Wanda Group’s entertainment and sports unit has had its fair share of controversies.
But this year’s Wanda International Festival in Hong Kong has seen a much more turbulent ride.
Key points:Wanda CEO Wang Jianlin says “the whole enterprise is now in the hands of the people”The company’s new CEO has vowed to overhaul the company and reinvigorate its entertainment businessWanda, based in China, was spun off from China-based Alibaba in 2014, but has struggled with its own woesThe company had been facing a number of legal and regulatory challenges, including from rival media giant China Media Capital.
Last year, China’s state-run news agency Xinhua announced it was looking to take control of the group.
The Chinese government said in March that it would not allow Wanda to merge with the conglomerate.
Wanda said the news was premature, but it said the decision was taken “without delay”.
“We are confident that we will be able to make good progress in the merger process,” it said in a statement on Thursday.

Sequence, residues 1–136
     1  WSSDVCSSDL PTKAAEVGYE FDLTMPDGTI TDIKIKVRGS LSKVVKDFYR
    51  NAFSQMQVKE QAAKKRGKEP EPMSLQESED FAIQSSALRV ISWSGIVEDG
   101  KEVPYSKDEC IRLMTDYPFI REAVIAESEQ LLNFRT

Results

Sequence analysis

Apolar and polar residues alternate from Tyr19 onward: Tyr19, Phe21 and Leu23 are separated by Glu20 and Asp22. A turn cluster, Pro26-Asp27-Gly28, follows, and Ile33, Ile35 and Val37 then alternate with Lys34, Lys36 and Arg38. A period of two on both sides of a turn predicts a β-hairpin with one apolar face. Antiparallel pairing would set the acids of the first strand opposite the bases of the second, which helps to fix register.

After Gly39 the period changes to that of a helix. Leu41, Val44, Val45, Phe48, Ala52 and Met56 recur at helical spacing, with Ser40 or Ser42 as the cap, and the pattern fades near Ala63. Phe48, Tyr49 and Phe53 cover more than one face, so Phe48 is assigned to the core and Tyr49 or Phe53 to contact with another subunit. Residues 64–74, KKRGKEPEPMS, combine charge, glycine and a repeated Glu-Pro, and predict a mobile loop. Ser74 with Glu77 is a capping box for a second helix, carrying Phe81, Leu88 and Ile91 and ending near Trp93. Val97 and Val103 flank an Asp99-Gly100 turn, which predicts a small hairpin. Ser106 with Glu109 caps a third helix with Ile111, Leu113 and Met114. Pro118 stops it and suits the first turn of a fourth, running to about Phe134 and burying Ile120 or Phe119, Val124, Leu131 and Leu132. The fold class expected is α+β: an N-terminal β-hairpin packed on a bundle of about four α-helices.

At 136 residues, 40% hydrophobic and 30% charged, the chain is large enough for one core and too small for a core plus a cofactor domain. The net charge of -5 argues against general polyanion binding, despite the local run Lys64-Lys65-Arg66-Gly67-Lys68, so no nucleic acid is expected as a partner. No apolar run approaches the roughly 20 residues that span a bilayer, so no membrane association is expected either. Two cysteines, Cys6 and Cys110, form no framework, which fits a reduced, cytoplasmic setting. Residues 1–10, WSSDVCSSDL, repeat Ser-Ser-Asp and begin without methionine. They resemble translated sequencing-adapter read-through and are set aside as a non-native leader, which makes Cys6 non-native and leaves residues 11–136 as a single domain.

The company said it was also considering “a number of alternative options” and was also “concerned about the uncertainty in the financial markets and the uncertainty on China’s financial markets”.
Wanda’s entertainment business is the biggest in the world, accounting for about one-fifth of the entertainment industry.
But its entertainment division has been plagued by controversy over the years.
In 2013, a Beijing court found that the entertainment group was guilty of “false advertising” by its marketing of a movie called “The Princess Bride” in 2010 that featured a nude woman.
The case was later settled for an undisclosed sum and the film was not shown at any of Wanda’s events.
In 2015, China censors blocked the release of the film in the country, citing “national security”.
Wang told Reuters the company was “completely in control” and would be ready to “return to its old glory”.
“This is not an easy road for any company to go down, but Wanda has done it, and we will not give up,” he said.
Wang said the company would take the next steps, adding: “We are ready to fight for our rights in the market.”
Topics:corporate-governance,business-economics-and-finance,business,disasters-and%E2%80%99crises,lifestyle-and_leisure,china,asia,franceFirst posted April 08, 2019 19:56:16Contact Sam TingleMore stories from New South Wales